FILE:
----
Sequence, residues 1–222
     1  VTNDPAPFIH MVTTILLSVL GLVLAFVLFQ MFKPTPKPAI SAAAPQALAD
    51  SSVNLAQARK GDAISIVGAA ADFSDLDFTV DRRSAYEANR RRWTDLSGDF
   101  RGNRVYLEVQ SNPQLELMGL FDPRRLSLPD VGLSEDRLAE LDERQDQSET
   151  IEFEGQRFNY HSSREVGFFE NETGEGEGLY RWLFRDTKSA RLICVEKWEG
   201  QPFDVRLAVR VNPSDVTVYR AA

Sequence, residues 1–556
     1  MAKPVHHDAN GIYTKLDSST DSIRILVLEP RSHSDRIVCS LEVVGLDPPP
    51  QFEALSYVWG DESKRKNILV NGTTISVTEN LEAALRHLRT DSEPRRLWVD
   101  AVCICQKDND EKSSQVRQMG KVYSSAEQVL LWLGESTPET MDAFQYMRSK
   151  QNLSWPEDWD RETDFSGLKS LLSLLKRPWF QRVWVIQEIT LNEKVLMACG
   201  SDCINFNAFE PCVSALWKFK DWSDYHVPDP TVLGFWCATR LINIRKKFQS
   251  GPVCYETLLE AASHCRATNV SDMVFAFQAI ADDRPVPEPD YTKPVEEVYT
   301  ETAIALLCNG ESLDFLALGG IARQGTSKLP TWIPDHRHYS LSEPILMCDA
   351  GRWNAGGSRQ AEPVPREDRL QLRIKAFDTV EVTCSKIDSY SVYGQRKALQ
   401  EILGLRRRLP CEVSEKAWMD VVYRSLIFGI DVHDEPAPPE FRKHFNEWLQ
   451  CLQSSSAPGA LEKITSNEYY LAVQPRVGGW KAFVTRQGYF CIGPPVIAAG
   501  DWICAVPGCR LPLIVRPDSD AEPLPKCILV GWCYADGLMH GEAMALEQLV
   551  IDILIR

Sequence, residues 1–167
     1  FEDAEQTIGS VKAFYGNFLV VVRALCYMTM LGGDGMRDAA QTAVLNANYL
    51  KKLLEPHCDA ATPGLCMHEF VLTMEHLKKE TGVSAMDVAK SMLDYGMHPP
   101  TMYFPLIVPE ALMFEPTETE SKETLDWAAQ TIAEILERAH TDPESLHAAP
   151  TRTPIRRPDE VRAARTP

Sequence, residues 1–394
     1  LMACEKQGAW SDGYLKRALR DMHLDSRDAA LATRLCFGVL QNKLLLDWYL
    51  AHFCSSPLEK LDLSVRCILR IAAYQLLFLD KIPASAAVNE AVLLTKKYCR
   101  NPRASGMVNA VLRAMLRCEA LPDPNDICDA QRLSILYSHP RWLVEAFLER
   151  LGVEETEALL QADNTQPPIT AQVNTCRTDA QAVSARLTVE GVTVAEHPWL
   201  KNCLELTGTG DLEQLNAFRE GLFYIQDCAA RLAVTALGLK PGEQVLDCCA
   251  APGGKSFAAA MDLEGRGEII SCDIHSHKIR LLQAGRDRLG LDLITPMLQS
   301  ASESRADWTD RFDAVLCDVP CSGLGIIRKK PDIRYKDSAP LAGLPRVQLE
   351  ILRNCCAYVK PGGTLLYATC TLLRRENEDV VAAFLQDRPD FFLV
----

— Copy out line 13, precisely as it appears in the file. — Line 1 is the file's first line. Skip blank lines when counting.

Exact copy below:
   251  GPVCYETLLE AASHCRATNV SDMVFAFQAI ADDRPVPEPD YTKPVEEVYT